Pay to Play (Securities) - Explained
What is a Pay-to-Play Provision in Preferred Stock?
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Table of ContentsWhat is a Pay to Play Provision?How are Pay to Play Provisions Used? Academic Research on Pay to Play
What is a Pay to Play Provision?
Pay to play simply means requiring money to be a part of some activity. In the corporate world, individuals wishing to be part of a transaction must often put in money. This is common in investing, where an individual must put in funds to be part of a future equity round.
Back To: BUSINESS LAW
How are Pay to Play Provisions Used?
In corporate or startup finance, Pay to Play is commonly added as a provision of preferred stock. It demands stockholders to take part in stock offerings to get benefit from specific anti-dilution protections. If they do not buy prorated stock in these offerings, they lose the provisional benefits.
In extreme situations, investors not taking part in it have to convert to ordinary stock, so they lose the protections of the preferred stock. This idea reduces the big investors fear that small investors will let them continue providing the required equity and get benefits, especially in problematic economic situations for the corporation. This is known as harsh provision added only when one participant is having a strong bargaining power.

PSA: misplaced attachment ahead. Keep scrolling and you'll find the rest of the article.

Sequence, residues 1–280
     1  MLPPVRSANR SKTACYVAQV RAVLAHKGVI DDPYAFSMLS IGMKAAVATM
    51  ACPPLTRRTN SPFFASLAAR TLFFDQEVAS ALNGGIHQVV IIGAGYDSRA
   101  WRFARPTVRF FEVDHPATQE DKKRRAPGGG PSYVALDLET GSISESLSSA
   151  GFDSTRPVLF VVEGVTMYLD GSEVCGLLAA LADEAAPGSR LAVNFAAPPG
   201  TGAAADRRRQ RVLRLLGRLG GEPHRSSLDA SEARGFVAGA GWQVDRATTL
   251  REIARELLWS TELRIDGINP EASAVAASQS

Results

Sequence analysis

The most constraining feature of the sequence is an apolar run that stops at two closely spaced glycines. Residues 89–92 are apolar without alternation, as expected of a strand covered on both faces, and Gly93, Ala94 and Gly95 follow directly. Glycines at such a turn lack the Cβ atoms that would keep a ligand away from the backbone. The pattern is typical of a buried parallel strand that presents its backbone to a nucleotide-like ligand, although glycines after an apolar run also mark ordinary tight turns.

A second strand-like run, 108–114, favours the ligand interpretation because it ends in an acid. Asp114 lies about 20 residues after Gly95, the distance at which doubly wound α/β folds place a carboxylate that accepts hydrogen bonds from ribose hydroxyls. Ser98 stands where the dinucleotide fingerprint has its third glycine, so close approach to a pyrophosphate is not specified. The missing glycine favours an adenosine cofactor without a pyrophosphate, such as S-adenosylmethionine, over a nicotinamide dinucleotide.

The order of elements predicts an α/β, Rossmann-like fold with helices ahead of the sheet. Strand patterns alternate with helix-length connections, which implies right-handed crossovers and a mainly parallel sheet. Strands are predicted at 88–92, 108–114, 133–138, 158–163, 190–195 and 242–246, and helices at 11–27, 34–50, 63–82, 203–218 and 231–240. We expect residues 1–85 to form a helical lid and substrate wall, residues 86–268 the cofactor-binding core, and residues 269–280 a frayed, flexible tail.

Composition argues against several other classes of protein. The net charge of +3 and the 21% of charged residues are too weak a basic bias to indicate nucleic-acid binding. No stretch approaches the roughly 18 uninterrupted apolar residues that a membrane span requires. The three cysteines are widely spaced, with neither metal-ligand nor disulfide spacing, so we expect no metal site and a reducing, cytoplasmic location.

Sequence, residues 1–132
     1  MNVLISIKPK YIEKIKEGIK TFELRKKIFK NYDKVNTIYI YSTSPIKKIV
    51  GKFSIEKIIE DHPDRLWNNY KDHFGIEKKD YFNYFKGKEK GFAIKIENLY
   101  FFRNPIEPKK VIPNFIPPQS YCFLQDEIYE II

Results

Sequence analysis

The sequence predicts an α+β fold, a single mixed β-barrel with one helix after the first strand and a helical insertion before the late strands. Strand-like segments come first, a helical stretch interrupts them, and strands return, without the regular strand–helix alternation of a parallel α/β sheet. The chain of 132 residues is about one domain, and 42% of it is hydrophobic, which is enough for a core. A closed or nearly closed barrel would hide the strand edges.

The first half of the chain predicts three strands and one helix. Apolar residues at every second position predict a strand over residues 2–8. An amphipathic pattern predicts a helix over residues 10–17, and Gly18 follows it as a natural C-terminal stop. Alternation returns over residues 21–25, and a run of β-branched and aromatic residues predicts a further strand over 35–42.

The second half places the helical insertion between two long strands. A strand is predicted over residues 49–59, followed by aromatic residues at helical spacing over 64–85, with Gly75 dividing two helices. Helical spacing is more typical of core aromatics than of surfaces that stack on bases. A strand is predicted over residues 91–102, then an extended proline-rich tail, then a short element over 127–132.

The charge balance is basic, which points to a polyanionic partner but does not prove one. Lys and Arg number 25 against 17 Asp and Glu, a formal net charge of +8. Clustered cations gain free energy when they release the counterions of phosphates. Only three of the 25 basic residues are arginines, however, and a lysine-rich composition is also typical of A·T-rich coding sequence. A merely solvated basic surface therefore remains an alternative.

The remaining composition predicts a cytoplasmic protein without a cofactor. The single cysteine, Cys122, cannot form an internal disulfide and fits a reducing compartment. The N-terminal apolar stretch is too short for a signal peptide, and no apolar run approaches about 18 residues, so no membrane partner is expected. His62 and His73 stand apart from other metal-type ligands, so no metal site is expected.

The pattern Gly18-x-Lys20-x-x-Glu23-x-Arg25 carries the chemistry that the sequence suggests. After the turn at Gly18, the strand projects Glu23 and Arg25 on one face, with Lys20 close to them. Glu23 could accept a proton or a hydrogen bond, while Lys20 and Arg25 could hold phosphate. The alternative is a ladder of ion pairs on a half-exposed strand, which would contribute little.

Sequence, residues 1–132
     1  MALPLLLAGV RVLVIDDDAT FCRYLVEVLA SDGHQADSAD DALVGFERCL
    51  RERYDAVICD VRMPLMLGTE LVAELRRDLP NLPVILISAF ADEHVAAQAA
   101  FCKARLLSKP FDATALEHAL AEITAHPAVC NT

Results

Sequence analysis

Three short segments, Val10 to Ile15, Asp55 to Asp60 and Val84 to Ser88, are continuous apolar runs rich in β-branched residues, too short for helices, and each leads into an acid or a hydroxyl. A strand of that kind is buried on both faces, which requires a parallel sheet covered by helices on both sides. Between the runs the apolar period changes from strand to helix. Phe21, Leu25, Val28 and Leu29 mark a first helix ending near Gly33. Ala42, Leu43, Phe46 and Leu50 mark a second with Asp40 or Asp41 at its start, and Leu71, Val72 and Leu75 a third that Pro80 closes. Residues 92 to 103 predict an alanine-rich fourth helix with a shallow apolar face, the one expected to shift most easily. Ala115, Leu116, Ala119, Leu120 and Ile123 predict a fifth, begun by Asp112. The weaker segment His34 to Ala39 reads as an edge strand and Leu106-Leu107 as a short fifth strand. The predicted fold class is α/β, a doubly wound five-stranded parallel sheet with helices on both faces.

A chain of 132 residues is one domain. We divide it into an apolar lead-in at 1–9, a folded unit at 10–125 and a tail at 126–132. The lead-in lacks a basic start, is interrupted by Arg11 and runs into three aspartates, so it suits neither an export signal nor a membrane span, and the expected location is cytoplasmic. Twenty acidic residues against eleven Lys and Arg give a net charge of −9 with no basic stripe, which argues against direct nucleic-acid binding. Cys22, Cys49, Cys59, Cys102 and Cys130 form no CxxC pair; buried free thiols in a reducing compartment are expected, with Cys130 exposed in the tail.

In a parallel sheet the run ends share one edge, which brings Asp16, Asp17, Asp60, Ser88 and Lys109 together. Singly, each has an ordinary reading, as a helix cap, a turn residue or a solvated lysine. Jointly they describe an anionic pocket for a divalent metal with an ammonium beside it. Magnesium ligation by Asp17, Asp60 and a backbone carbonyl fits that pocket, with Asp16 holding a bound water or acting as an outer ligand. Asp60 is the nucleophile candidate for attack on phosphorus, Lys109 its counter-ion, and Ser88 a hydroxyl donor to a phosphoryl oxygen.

Back to: Business Transactions
Pay to Play often refers to gifts and monetary exchanges to influence decision makers. For example, the exchange of gifts or money and provision of sponsorship in a way that construction, engineering or design company is selected for work that otherwise might not be available.
This type of conduct is illegal in many industries, such as in the financial markets. In the United States, the SEC (Securities & Exchange Commission) of the United States, the MSRB (Municipal Securities Rulemaking Board) and the FINRA (Financial Industry Regulatory Authority) regulate and restrict the gift awarding practices of investors. More details is available in the IAA Rule 206(4 to 5) (Investment Advisers Act 1940 and G-37, G-38 rules in the Rule Book of MSRB.